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Clifford Rushton cites personal reasons for leaving troubled post he has held since 1997
Web posted Saturday, November 11, 2000
By Heidi Coryell Staff Writer
After 3 years of heading up Augusta-Richmond County's information technology department, Clifford Rushton has told city officials that his last day working for the local government will be Nov. 30.
Mr. Rushton submitted his letter of resignation to the city administrator's office Friday morning.
He said his reasons for leaving were personal and that other opportunities had presented themselves. He declined further comment.
Since Mr. Rushton took over as department head in 1997, the local government's computers have been plagued with a variety of software problems, largely because of an effort to upgrade systems for Y2K compliance.
Among the most problematic of the city's computer-related operations was a new tax software system, which wasted more than a quarter-million dollars and hundreds of hours in efficiency for employees.
When the city decided to upgrade the tax record software in 1997, they used three separate data management packages that were never linked together. Mr. Rushton said last year that the city could have bought a better system but didn't in order to save money.
His resignation comes after months of losing department heads and city leaders.
``It's going to cause some problems, (but that's true) any time you lose a department head,'' said interim City Administrator Walter Hornsby. ``I believe that we've got the personnel over there that - given the opportunity - I think can continue to run things. Now how long? I don't know.''
Human Resources Director John Etheridge quit in August after submitting a seven-page letter of resignation, which cited underpaid employees, a mismanaged county government and ignored county procedure as causes for poor morale among city employees.
City Administrator Randy Oliver resigned last month and has started a new position as City Manager of Greenville, S.C. Before leaving, Mr. Oliver reluctantly admitted that political tampering contributed in part to his decision to leave Augusta government, saying it was inappropriate for commissioners to deal below department-head level.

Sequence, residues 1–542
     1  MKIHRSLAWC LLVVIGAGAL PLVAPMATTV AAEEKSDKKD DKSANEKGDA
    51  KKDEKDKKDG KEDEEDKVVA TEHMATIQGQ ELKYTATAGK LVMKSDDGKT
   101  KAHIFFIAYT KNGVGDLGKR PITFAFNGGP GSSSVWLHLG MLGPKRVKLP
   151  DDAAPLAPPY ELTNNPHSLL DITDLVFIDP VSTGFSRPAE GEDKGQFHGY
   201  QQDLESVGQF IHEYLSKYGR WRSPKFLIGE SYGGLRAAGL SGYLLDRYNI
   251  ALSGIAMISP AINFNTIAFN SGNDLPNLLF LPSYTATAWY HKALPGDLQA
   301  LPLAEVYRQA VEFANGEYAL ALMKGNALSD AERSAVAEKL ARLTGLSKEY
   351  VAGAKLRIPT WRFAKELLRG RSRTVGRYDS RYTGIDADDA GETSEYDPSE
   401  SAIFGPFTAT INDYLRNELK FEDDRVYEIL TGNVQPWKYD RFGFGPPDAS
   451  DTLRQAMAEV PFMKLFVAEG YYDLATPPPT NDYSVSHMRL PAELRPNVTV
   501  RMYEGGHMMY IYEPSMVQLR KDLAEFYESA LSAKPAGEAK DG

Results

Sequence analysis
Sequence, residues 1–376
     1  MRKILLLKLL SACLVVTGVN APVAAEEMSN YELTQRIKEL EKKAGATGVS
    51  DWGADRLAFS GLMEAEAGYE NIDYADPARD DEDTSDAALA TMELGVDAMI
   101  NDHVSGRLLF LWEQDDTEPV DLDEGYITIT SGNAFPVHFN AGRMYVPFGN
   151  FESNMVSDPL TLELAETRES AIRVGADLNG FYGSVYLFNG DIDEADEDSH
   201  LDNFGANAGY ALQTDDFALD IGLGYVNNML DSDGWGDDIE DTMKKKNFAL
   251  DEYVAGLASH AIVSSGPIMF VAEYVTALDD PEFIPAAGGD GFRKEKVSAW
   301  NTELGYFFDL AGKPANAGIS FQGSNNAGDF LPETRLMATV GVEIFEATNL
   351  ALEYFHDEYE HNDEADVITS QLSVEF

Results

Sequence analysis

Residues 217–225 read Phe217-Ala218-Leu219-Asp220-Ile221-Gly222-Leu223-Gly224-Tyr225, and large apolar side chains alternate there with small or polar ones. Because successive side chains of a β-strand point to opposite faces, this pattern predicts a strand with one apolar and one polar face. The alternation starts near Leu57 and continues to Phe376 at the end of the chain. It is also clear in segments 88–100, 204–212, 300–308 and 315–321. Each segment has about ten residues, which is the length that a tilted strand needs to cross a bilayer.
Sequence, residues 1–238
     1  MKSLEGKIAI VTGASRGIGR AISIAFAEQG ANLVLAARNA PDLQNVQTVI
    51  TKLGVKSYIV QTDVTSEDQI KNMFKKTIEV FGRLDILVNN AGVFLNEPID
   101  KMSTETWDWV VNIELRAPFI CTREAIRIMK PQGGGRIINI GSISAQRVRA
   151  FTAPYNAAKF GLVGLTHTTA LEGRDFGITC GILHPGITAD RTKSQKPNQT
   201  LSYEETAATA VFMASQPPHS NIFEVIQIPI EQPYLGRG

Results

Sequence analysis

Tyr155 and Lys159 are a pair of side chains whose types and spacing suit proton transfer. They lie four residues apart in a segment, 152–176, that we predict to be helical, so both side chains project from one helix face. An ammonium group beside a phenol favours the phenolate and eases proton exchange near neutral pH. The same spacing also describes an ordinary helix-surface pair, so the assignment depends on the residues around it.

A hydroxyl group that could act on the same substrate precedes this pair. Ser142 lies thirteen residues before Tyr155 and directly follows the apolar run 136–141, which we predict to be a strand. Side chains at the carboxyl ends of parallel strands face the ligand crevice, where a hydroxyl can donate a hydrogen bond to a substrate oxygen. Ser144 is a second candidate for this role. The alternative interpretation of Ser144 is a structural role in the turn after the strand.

Augusta commissioners also recently approved the creation of an in-house law department, and city attorney Jim Wall said the organizational change will make Dec. 31 his last day of working for the city.
Mr. Rushton was hired to head the city's information services in February 1997, after being selected from a pool of 16 applicants. Prior to working for the local government, Mr. Rushton was information services director for Federal Paper Board Co.
In 1999, his salary was one of the highest in Richmond County government, at nearly $77,000. According to Mr. Hornsby, Mr. Rushton has several other job offers on the table.
-- Doris (email@example.com), November 11, 2000
This article shows clearly the security challenge presented by the ways that computer technology concentrates power. This man may have been incompetent. Or perhaps he was not getting the resources he needed to do the job. In either case, the local reggion is facing a disastrous loss of manpower, huge expenses, and inconveniences for lots of people.
How much worse might it have been if this information technology officer was being paid by someone to make poor choices. Very few people seem to realize the incredible power that a corporate or government CIO has to disrupt life in the United States. And how easily and untracably this power might be bribed.
-- Neil Ruggles (firstname.lastname@example.org), November 11, 2000.
Huh? I am befuddled by the first answer. The article shows a track record of numerous department heads leaving over the span of a couple of years over basic management problems - poor support of managers and employees, lousy morale, underfunded programs, just about everything that an organization can do to drive talented people away. I am sure there are articles to be found that talk about the abuse of power of IT managers - this isn't one of them.
-- C Murray (email@example.com), November 13, 2000.
-- spider (firstname.lastname@example.org), November 13, 2000.